Thief steals cooking equipment from diner

Brooklyn Paper
Share on TwitterTweet
Share on Facebook

Don’t miss our updates:

88th Precinct

Fort Greene–Clinton Hill

Cook out

Some burglar stole cooking equipment from a Myrtle Avenue diner sometime between July 1 and July 5, police said.

The victim told cops she opened the restaurant’s doors near Adelphi Street on July 5 at about 7 am and walked down to the basement, where she noticed a meat slicer and induction burner was missing. The thief left the eatery’s door that leads to the alley open and cameras in the kitchen were turned upwards, according to authorities.

Train thief

A good-for-nothing swiped a teen’s wallet while on a train near Nevins Street on July 3, police said.

The 18-year-old told police he was on a Manhattan-bound 4 train near Flatbush Avenue and Fulton Street a little after noon when he felt some creep lift up his back pocket. The teen checked his pocket, but his wallet — with his social security card and school identification cards — was gone, officials said.

Bike bandit

A nogoodnik rode off with a woman’s bike she had left on Hanson Place on July 6, police said.

The 22-year-old woman said she locked up her Surly bike on a rack near Fort Greene Place at about noon, and when she returned an hour later, it was gone and her lock was on the ground, cops said.

Un-welcome home

Some criminal stole a wad of cash from a woman’s Clermont Avenue apartment while she was away between July 3 and July 8, police said.

The victim left her apartment near Myrtle Avenue on July 3, and when she returned five days later at about noon, saw some baddie had snatched $7,000 from a drawer by her bed, cops said. The victim’s daughter and boyfriend were staying in the apartment while she was away, according to authorities.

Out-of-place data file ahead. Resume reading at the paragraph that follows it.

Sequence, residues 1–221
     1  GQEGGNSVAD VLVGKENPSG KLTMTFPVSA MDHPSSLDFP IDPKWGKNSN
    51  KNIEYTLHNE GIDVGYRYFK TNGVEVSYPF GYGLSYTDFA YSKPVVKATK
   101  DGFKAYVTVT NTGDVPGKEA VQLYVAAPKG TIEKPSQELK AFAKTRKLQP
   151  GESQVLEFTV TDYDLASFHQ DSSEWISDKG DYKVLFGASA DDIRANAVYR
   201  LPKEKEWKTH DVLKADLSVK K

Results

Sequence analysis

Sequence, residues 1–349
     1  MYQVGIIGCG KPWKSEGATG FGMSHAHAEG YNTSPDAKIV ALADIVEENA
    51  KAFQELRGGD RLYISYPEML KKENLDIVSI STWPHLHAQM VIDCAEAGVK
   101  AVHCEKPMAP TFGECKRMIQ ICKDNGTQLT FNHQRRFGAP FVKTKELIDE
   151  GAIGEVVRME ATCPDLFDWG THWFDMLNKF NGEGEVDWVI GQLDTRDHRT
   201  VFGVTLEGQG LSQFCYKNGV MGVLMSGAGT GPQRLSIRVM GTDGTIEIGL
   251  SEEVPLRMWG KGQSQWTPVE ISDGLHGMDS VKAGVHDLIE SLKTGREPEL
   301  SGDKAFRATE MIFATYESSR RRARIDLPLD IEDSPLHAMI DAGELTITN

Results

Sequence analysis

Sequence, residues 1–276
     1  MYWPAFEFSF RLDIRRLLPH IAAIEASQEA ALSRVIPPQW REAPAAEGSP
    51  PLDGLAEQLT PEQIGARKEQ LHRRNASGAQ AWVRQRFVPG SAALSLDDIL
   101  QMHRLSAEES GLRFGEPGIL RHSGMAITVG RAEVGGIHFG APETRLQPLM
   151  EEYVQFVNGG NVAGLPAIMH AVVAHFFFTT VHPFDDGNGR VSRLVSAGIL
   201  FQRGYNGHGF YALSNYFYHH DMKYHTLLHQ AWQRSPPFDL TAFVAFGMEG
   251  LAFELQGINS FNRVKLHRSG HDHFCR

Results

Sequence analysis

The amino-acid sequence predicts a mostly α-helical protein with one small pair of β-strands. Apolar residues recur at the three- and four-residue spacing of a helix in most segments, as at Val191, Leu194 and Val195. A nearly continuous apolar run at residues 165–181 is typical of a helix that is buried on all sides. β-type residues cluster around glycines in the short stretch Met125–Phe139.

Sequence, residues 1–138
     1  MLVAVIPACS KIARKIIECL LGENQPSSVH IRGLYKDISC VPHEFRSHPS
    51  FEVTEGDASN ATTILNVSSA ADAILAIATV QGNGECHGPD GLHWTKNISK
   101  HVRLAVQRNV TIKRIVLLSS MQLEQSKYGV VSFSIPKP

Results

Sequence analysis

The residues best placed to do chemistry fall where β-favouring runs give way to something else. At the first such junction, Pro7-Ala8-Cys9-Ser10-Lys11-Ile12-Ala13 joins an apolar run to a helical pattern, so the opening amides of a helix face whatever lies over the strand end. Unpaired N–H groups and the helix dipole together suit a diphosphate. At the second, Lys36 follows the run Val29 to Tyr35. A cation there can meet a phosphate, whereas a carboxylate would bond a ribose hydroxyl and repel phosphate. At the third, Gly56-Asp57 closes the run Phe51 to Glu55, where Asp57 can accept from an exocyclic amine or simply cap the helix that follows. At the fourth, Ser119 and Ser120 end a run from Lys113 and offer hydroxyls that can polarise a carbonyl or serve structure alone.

— Julianne Cuba

Posted 12:00 am, July 11, 2018
Today’s news:
Share on TwitterTweet
Share on Facebook

Don’t miss our updates:

Reasonable discourse

Comments closed.

First name
Last name
Your neighborhood
Email address
Daytime phone

Your letter must be signed and include all of the information requested above. (Only your name and neighborhood are published with the letter.) Letters should be as brief as possible; while they may discuss any topic of interest to our readers, priority will be given to letters that relate to stories covered by The Brooklyn Paper.

Letters will be edited at the sole discretion of the editor, may be published in whole or part in any media, and upon publication become the property of The Brooklyn Paper. The earlier in the week you send your letter, the better.

Keep it local!

Stay in touch with your community. Subscribe to our free newsletter: